With so many people flying on a daily basis, protective measures are important
in the air transportation industry. Extensive security measures, such as scanning machines, wands and cameras, safeguard the interiors of airports, while steel barrier posts are useful as an outside security measure. The need for airport safety bollards as a safety measure at airports is reinforced by the terrorist bombing attempt at Glasgow International Airport in 2008. Airport security barriers at the entrance to the airport helped to prevent the propane-filled Jeep from entering the facility further and injuring far more people.
It’s not just terrorist threats that bollards could help deter at the airport. They can also be used for routing vehicle traffic to the appropriate areas. Removable bollards
can be placed and removed as needed if there are parking lot overflows or other maintenance activities. Being able to divert traffic while maintaining operations is valuable in keeping the complex system up and running, while performing certain tasks or addressing issues in one area of the complex. In instances where traffic may be less dense, the use of several parking lots may be unnecessary and removable bollards can be implemented to prevent a small amount of traffic from spreading throughout the airport. Bollards
can also help prevent drivers from driving in parking areas the wrong way, driving into jumping lanes, or parking in authorized vehicle only areas.
Drop-Offs and Pick-Ups
The Glasgow attempt occurred at the front of the airport. By installing bollards in a staggered manner at different levels in front of the building, airports are able to help lower the threat of a car reaching the front of the building. This method of placement also complies with the Americans with Disabilities Act and allows for the consistent flow of travelers with large amounts of luggage.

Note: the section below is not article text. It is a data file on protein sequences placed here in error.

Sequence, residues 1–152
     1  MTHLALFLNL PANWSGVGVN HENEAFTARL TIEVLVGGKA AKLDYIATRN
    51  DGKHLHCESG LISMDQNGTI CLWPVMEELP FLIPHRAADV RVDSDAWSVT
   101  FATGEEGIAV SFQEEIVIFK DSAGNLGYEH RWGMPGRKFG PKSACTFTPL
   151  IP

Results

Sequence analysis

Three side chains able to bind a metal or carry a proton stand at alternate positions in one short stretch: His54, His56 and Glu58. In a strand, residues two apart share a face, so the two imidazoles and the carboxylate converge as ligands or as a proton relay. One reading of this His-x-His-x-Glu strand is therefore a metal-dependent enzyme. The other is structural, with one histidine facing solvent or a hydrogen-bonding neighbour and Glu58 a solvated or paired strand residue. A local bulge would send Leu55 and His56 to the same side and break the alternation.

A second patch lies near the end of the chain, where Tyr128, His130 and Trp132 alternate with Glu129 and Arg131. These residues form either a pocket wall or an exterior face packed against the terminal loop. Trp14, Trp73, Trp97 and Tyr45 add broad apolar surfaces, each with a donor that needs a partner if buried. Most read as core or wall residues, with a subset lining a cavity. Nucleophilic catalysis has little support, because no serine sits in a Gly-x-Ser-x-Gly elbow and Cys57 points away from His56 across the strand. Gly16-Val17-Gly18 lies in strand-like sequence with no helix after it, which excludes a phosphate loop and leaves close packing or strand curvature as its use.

Around the Tarmac
Maintenance, private travelers and other authorized personnel need to be able to gain access to the hangars, tarmac and other places where travelers do not normally enter. Gates are used in several places, but at times they are not practical for the situation. Bollards allow personnel to clearly mark areas that are restricted without the hassle of putting up and taking down a removable gate.
According to the Transportation Security Administration (TSA), bollards are also useful
in several alternative capacities at airports. For instance, they can help prevent obstacles from opening and closing a gate. The TSA also recommends that bollards be placed at electronic access points to help reduce any vehicle damage from unintended traffic.
As part of a comprehensive security strategy, bollards are essential to the safe and consistent flow of traffic and processes in any airport complex. Even though they are considered passive safety measures, they are effective in lowering the amount of undesired traffic from gaining access to parking areas, the tarmac and the main facility itself. By using these measures, airports can focus on more immediate threats and maintaining schedules. Contact TrafficGuard Direct
for recommendations of bollards for your airport needs.